The single largest tenant exposure in CIPF’s portfolio is Mourant, representing 14% of CIPF’s contracted rent. It rents roughly half of the abovementioned Royal Chambers and the entire office space in 18–22 Grenville Street in Jersey. Mourant is one of the largest offshore law firms, with offices in the British Virgin Islands, Cayman Islands, Channel Islands, Hong Kong and the UK. None of the other 26 tenants represent more than 10% of the contracted rent. The tenants in the portfolio are mostly blue-chip financial and legal firms and, as such, can be considered good quality.

Six of CIPF’s 12 portfolio properties are let to single tenants. These represent 29% of the portfolio in terms of property value and 28% in terms of generated rent as at 30 September 2022.

CIPF’s portfolio is almost fully let, with a vacancy rate of 3.7% at 30 September 2022 (down from 4.8% a year earlier), which compares to, for example, a 7.5% vacancy rate at CLS Holdings. A third of CIPF’s contracted rent has an earliest termination date after more than 10 years, while 22% has a termination date below three years. However, we do not see the shorter-term agreements as a risk, considering the lack of new space coming to the market, and the attractiveness of the locations, implying a steady stream of interested occupiers. We believe that five- to six-year lease terms are more common in the UK office space, compared to longer durations common in the Channel Islands, as well as in the CIPF portfolio. These characteristics highlight the attractiveness of the Channel Islands market.

Exhibit 6: Portfolio by earliest termination date (% of contracted rent) at 30 September 2022

Source: Channel Islands Property Fund

Performance: Remarkably stable over the long term

CIPF listed in 2010 at 100p and has remained broadly at that level for over 12 years. It briefly dipped to 96p during the initial outbreak of the COVID-19 pandemic and related turmoil in financial markets, but rebounded subsequently to the current 100p. We believe this stability is driven primarily by the fund paying out most of its earnings as dividends; the trade-off for growth in the underlying assets is a dependable dividend stream.

Exhibit 7: CIPF’s share price performance over three years

Source: Refinitiv, Edison Investment Research

The defensiveness of CIPF’s stock has proved beneficial for investors in the bear market. CIPF shares did not follow the recent sell-off, as seen in the broad index (see Exhibit 8), leading to its significant relative outperformance against the index. CIPF’s average annual NAV total return to 31 December 2022 is 8% pa over the last five years, compared to a 5% decrease pa of the EPRA Nareit UK office index. We believe that CIPF’s defensiveness stems, at least partially, from low share liquidity. Nevertheless, looking at the period before the sell-off (the five-year period ending 31 December 2021), CIPF still visibly outperformed the broader UK office market, with a 8.0% NAV total return per annum, compared to 6.4% for the index.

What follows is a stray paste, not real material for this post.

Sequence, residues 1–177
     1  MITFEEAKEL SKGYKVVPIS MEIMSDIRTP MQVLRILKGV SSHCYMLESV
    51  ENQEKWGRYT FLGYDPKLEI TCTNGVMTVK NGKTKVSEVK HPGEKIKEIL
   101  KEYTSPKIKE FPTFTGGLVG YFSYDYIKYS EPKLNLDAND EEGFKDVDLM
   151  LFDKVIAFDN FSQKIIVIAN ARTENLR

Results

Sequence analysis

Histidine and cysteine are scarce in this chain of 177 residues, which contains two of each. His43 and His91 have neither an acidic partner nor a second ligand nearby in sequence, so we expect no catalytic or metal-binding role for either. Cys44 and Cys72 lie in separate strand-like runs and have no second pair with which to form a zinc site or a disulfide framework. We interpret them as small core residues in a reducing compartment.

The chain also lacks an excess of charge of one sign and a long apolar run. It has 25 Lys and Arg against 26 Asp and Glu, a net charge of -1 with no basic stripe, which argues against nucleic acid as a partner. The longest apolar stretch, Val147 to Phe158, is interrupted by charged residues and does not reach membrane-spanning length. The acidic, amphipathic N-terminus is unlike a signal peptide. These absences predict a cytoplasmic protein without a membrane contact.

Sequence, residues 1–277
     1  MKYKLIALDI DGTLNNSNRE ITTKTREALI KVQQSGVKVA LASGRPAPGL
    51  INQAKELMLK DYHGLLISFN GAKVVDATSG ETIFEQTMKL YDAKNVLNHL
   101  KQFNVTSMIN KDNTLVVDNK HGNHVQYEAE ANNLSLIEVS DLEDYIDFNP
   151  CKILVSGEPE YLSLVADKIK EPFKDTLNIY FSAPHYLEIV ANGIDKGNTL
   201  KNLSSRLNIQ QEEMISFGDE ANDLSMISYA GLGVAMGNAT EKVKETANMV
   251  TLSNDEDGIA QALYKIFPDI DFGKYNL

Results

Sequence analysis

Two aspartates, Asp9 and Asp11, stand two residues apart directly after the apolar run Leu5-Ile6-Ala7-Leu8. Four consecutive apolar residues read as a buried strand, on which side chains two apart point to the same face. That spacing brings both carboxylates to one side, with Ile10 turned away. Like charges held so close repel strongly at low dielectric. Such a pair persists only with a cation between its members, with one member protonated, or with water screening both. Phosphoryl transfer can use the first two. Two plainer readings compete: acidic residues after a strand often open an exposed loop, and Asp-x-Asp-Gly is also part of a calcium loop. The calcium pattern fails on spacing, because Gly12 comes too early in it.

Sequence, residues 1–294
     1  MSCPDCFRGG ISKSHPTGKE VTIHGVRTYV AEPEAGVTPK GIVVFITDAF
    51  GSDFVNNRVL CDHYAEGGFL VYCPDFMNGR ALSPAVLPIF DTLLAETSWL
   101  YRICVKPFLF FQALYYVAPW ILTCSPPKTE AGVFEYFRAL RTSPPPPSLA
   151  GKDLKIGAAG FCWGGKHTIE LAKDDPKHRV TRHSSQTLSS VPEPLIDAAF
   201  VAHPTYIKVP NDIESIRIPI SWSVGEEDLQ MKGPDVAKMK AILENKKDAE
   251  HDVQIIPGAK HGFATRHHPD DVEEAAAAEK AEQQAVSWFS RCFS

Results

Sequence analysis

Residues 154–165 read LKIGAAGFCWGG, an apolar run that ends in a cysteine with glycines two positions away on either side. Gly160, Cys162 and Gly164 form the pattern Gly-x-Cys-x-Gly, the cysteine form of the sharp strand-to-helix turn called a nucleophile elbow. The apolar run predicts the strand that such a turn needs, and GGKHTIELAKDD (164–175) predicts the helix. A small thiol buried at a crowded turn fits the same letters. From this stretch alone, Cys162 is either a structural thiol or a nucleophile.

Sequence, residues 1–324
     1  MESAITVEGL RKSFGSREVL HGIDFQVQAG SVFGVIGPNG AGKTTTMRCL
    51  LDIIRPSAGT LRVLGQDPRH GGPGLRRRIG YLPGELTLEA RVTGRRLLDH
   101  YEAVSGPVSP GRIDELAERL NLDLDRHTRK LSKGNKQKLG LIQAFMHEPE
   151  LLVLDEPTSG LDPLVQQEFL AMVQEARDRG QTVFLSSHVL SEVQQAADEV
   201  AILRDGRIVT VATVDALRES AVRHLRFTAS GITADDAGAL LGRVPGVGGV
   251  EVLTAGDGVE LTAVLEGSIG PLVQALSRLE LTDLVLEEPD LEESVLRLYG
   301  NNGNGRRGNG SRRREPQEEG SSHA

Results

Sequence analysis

Exhibit 8: Investment trust performance to 31 December 2022

Price, NAV and benchmark total return performance, five-years rebased

Price, NAV and benchmark total return performance (%)

Source: Refinitiv, The International Stock Exchange, Edison Investment Research. Note: Three- and five-year performance figures annualised.

CIPF’s rental income amounted to £17.1m in FY22, compared to £16.4m in FY21, which was an 11-month period due to a reporting period change. It is important to note that CIPF collected 100% of contracted rent in FY20 during the period of lockdowns, highlighting the strength of its tenants. The property costs (utilities, maintenance, etc) are passed on to tenants through a service charge collected quarterly in advance, based on the budgeted amount for each year, while CIPF needs to cover costs related to the vacant space on its own. In FY22, CIPF incurred £4.2m in service charge expenses (up 13% y-o-y) of which only £0.3m was non-recoverable (though up 10% y-o-y). The remaining operating expenses comprise management costs (FY22: £1.7m) as well as other expenses (including administration, legal and remuneration, among others) of £1.6m in FY22. The slight cost inflation resulted in a decline in operating margin to 64% of total income, from 69% in FY21.